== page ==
Dick Clark, host of Dick Clark, the perpetually young-at-heart host of "American Bandstand" and the man with whom Americans have welcomed the New Year for decades, has died. He was 82.
His spokesman, Paul Shefrin, told The Associated Press that Clark suffered a heart attack on Wednesday morning at Saint John's hospital in Santa Monica.
Long before he became a midnight staple with "New Year's Rockin' Eve," Dick Clark was an icon. The host of "American Bandstand" and creator of shows including "The $25,000 Pyramid," "TV's Bloopers and Practical Jokes," and the American Music Awards, Clark is credited with bringing rock 'n' roll music to the mainstream masses.
"I played records, the kids danced, and America watched," Clark once said of "Bandstand," which aired on ABC from 1957 to 1987. But for artists everywhere, he did so much more. The Rock 'n' Roll Hall of Fame honored him in 1993, pointing out that he featured black artists and their original R&B hits instead of the then more-acceptable covers by white performers. A spot on one of his shows could catapult a musician from one-hit wonder to long-term fame.
He was sidelined briefly by a stroke in December 2004, but returned to ring in the New Year in 2005 in spite of difficulty speaking and appeared in the show through last year, though now Ryan Seacrest -- possibly the next "world's oldest teenager" -- has taken over as host.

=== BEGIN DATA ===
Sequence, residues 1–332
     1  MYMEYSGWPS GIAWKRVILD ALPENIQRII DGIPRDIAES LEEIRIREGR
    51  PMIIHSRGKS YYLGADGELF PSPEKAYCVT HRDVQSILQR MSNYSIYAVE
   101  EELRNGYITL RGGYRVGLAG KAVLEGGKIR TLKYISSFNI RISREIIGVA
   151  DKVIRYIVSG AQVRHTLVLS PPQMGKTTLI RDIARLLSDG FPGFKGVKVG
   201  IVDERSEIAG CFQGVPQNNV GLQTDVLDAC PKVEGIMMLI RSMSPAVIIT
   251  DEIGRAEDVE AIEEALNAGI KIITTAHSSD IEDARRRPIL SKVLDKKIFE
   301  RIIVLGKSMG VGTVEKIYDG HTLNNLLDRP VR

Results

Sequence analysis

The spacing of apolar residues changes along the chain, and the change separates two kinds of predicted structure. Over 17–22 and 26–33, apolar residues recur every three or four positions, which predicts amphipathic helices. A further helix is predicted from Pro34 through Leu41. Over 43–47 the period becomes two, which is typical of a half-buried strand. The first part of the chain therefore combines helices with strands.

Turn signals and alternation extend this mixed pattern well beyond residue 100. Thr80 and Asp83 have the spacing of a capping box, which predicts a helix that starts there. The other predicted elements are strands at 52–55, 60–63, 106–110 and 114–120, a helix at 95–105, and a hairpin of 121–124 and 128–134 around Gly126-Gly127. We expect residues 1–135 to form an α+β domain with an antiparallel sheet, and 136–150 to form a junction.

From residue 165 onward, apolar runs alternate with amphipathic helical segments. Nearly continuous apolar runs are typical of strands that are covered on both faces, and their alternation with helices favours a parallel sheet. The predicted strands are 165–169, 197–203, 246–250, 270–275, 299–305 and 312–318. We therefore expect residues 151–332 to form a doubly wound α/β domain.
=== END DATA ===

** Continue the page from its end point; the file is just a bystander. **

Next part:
Clark was featured on "This is Your Life," where he was lauded as a "musical star-maker, America's number one disc jockey, host, and… spokesman for the great, wholesome majority of American teenagers."
In spite of his already impressive resume, when Clark's episode of "This is Your Life" aired in 1959 he was just 30 years old and barely half-way through his amazing career. He went on to win four Emmy Awards, a Daytime Emmy Lifetime Achievement Award, a Peabody Award, a star on the Hollywood Walk of Fame, and was honored by the National Radio, Broadcasting Magazine, Academy of Television Arts & Sciences, and the Rock and Roll halls of fame.
What's your favorite memory of Dick Clark? Please share them in the comments!
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